The Real Marigold on Tour: Miriam Margolyes is a joy on tour - but Boris Johnson's dad leaves us cold in Russia

Thank heavens for Miriam Margolyes.

The English-Australian actress, star of The Age of Innocence and the Harry Potter films, may never have reached the heady heights of, say, Dame Judi Dench or Dame Maggie Smith in terms of national treasure status but she outmatches all others of her generation when it comes to an ebullient sense of fun.

As part of a quartet of celebrities of a certain age kicking off new series The Real Marigold on Tour, she is by far the most watchable.

Margolyes joins former darts player Bobby George, Sheila Ferguson of The Three Degrees and environmentalist Stanley Johnson, father of our former foreign secretary.

On tour: Stanley Johnson (BBC/Twofour/Amy Browning)
On tour: Stanley Johnson (BBC/Twofour/Amy Browning)

“I don’t know much about Stanley,” Margolyes muses to the camera. “But Boris Johnson is a pillock.” It establishes her as the episode’s straight-talking, no-nonsense voice of reason, even if her fuse is a little short.

This tour is a spin-off of The Real Marigold Hotel, itself inspired by the two hit films in which a group of pensioners move to India for a new life (a rather large disclaimer at the beginning of the episode establishes that it is not officially affiliated with the franchise).

Now, a rolling roster of celebrities head elsewhere to see how other countries treat their retirees. In this first episode, it’s off to Russia they fly.

Star: Miriam Margolyes (BBC/Twofour/Amy Browning)
Star: Miriam Margolyes (BBC/Twofour/Amy Browning)

The group journeys to St Petersburg, where they enjoy the local cuisine, drink copious vodka, partake in exercise classes and meet the locals to learn more about how the largest country in the world treats its 40 million senior citizens. Margolyes and George speed mobility scooters through city squares. Ferguson sings for the residents of an old people’s home for retired performers. It is charming, and perfectly pleasant to watch, but Margolyes is solely responsible for making it at all interesting. She teases - “I’m always ready for an adventure, with Marigold, or anybody else”; chastises — “Don’t go too fast,” she barks at the airport attendants pushing her wheelchair; and rejects the offer of make-up - “My face is perfect.” She is a joy.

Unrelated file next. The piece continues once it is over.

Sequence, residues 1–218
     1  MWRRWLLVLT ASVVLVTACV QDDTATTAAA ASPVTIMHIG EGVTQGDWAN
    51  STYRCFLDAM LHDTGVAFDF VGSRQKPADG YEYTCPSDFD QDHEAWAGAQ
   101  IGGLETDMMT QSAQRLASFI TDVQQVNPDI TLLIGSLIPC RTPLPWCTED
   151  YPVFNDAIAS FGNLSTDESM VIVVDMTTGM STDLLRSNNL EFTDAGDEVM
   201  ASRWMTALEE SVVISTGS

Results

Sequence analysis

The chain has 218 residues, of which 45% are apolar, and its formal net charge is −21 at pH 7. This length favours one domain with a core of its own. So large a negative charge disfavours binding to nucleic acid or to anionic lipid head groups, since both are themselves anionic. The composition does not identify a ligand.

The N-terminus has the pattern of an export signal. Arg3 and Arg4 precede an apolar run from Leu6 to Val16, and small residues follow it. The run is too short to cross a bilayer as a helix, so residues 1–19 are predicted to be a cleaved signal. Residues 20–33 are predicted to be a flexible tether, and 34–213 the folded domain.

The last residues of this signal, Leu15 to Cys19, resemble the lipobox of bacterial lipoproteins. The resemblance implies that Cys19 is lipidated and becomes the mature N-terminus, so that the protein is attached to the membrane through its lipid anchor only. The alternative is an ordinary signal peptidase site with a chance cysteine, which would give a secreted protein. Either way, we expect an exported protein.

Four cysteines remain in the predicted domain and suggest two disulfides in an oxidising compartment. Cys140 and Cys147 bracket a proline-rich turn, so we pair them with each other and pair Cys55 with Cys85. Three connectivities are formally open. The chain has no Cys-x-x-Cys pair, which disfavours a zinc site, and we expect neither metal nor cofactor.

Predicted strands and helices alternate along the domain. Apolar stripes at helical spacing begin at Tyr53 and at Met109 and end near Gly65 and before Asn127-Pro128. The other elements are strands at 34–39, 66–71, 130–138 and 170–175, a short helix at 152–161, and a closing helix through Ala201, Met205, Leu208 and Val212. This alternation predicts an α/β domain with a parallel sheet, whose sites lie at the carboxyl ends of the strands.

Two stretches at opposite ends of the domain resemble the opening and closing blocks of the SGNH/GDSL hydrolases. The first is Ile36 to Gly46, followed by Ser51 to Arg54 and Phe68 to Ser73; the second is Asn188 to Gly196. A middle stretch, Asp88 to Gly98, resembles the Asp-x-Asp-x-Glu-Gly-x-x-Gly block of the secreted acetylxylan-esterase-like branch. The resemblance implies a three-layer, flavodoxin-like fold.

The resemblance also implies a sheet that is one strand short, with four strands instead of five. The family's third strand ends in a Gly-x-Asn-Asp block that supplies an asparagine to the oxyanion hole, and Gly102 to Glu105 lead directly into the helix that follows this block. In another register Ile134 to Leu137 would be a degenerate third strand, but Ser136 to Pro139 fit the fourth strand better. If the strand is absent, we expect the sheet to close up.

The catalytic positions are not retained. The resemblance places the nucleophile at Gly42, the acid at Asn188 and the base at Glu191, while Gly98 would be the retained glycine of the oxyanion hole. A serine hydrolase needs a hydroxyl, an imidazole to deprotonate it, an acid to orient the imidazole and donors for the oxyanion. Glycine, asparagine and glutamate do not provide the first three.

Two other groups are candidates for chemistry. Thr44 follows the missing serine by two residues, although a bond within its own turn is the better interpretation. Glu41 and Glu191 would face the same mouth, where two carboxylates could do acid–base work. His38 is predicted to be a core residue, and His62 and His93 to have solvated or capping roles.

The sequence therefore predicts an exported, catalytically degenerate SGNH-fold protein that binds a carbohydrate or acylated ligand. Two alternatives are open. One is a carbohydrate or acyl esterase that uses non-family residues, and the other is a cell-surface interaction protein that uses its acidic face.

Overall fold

Stanley, less so. He is keen to learn but his middle-class schtick grates somewhat. He consistently mistakes Ferguson’s band for The Bee Gees, which seems more ignorant than forgetful. He discusses a meeting with Vladimir Putin a few years ago and describes him as “superb”. And when Miriam and Sheila tell their host - a sweet sexagenarian - that they were raised to fear Russia, he shuts the conversation down. Their experience is not consistent with his way of life, so it seems he is not interested. There is, I would say, no malice on his part, but there is a certain unappealing obliviousness to others.

Some exchanges provide humour, or discomfort, depending on your taste. Margolyes, waiting for a bus, meets a woman named Olga. “Oh, Olga, The Beautiful Spy!” she says, delighted, referencing the song by Henry Hall and his Orchestra. It takes her a beat or two to realise that accusing a Russian stranger of being a spy may not go down too well. “Was Putin in the Navy?” Ferguson asks a passer-by during a military parade later on. “No,” she replies. “He was KGB.” Ah, yes. Of course he was...

The rest of the series will see other familiar faces experience similarly light adventures in Argentina, Vietnam and Mexico. No Miriam Margolyes, though. More’s the pity.